A., I agree that by the classic French definition of "parfum de fourrure", many Lutens (Rahat Loukhoum, Cuir Mauresque, Fumerie Turque, and of course MKK) fit the bill...RépondreSupprimer
Hello,as i recall in an interview (many years ago)when asked, SL claimed he would not do "green" perfume.Of course i'm wildly curious...why not?That would-should be something...RépondreSupprimer
Lidia, I was just speaking of this with an SA at the Palais Royal, and she answered that he just didn't like green perfumes. I guess that's reason enough.RépondreSupprimer
D, the sample you got was definitely El At. As I had mentioned, what I got from the blotter I hijacked and lost on my last day in Paris, was a big hit of cumin and cedar. Both of these are notes that tend to jump out at me, often eclipsing the other notes in any composition. And I felt that the SN was smoky and incensy and oddly comforting. I wasn't aware of any buzz, so both of your reviews elucidate what I experienced.RépondreSupprimer
I'm with Billy D on all of his suggestions, and with Serge too, as I don't like greens much, except in food. Dirty leather sounds great to me a la Serge too!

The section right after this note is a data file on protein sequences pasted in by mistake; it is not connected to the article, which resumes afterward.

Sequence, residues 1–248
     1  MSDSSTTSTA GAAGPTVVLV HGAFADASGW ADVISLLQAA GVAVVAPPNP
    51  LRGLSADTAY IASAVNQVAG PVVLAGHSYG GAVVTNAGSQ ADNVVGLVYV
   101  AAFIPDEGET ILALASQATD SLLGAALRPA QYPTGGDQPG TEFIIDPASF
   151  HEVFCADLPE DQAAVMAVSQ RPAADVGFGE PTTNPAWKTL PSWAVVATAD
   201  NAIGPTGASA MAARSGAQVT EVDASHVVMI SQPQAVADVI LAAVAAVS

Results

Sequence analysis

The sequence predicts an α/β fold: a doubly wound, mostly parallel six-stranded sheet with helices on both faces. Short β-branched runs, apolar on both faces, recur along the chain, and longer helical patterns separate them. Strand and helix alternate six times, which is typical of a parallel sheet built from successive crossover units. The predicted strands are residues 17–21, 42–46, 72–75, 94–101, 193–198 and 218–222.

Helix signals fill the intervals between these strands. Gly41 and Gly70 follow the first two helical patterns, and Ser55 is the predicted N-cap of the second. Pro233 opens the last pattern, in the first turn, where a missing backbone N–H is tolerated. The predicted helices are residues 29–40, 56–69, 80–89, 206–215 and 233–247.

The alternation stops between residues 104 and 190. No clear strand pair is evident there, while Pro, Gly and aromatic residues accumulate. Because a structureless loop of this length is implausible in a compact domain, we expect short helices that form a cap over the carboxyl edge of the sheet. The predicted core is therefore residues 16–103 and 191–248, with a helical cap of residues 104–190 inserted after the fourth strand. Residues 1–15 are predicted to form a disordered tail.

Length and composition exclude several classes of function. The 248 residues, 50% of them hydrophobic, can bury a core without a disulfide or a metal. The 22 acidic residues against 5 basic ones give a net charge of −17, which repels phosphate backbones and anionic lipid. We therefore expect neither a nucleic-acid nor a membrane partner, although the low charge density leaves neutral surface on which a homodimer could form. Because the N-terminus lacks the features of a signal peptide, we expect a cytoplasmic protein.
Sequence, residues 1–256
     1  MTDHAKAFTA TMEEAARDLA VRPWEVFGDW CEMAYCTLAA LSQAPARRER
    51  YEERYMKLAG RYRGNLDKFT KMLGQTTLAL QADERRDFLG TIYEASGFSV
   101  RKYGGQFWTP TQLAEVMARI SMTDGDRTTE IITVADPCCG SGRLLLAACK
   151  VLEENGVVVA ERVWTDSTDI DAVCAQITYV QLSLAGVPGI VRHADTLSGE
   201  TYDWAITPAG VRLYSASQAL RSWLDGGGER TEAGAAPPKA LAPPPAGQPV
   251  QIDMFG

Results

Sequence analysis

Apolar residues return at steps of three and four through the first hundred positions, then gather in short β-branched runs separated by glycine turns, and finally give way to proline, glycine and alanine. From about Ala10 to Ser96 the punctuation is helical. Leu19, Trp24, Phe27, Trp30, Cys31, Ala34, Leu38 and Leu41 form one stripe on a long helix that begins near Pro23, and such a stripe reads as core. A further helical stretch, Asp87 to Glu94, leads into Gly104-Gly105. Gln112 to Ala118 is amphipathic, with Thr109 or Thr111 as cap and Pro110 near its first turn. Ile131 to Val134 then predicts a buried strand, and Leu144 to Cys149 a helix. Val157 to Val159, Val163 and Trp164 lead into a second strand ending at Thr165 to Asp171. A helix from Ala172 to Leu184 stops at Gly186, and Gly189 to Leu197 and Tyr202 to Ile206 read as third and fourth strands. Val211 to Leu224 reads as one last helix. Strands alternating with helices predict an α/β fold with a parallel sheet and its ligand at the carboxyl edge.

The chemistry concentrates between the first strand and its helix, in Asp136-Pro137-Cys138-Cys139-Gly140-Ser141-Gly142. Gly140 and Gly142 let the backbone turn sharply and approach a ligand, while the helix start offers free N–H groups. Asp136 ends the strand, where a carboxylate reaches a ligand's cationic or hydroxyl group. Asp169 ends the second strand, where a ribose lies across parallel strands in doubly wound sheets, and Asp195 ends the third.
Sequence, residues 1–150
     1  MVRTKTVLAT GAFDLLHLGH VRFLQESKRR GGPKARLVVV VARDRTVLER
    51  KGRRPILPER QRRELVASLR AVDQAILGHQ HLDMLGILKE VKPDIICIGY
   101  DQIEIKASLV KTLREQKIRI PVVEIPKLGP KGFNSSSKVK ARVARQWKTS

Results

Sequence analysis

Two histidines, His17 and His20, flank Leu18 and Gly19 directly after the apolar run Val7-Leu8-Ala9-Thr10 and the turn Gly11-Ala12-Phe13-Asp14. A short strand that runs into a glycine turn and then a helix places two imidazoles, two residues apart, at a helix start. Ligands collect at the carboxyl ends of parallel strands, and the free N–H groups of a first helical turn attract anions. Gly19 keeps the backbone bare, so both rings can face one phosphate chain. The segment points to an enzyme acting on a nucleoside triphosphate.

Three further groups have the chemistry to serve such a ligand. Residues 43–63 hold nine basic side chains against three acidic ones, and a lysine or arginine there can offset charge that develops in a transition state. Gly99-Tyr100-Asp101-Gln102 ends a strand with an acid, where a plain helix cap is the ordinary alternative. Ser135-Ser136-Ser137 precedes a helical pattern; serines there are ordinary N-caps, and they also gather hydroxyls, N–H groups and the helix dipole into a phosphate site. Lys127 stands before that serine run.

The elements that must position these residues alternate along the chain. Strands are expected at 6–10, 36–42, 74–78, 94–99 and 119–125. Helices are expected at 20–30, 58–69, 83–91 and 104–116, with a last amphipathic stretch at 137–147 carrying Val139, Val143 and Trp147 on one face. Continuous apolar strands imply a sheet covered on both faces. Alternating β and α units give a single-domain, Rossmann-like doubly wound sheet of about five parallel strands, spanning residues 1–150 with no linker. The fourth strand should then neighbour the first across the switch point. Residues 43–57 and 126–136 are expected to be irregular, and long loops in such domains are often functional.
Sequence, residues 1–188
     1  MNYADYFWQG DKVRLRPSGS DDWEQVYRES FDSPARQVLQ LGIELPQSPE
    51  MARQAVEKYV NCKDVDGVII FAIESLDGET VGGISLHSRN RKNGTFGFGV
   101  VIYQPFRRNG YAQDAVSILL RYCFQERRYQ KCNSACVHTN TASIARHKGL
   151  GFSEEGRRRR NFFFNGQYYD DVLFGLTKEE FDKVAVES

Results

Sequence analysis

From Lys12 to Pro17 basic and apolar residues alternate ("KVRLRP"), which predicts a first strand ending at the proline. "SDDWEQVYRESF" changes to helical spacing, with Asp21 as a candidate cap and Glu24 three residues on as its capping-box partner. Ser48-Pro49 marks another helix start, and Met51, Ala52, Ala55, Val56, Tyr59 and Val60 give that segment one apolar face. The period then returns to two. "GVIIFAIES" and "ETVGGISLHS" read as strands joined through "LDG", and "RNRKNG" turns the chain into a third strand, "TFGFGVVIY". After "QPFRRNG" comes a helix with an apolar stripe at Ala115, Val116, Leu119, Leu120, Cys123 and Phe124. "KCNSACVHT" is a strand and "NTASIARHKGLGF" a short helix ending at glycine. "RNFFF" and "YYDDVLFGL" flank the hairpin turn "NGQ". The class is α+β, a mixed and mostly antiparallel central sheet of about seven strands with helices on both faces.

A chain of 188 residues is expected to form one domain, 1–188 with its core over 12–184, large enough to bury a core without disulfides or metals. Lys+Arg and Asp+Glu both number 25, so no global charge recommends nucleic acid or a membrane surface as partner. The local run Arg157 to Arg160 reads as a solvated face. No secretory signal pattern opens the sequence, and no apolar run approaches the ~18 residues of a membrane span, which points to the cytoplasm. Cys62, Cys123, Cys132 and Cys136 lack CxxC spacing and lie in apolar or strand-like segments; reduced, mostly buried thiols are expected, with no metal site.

How about Absinthe, aka Wormwood?
Thank you for the fantastic review, Denyse.RépondreSupprimer
I would love to see Messrs. Lutens and Sheldrake take on oudh, full-on! I agree that another leather scent would also be great, and I can't get enough orange blossom in any of its manifestations.
I'd also like to see another iris composition. And I do think carnation could lend itself to a wonderfully dark and rich composition.
W., I'm glad you confirm. I'm just surprised none of the French reviewers who were at the launch mentioned the violet, which, to me, is big as a house!RépondreSupprimer
Absinthe would be interesting -- I'm wondering if there isn't an absinthe note in Douce Amère, though? It's not a scent I know well. Must check.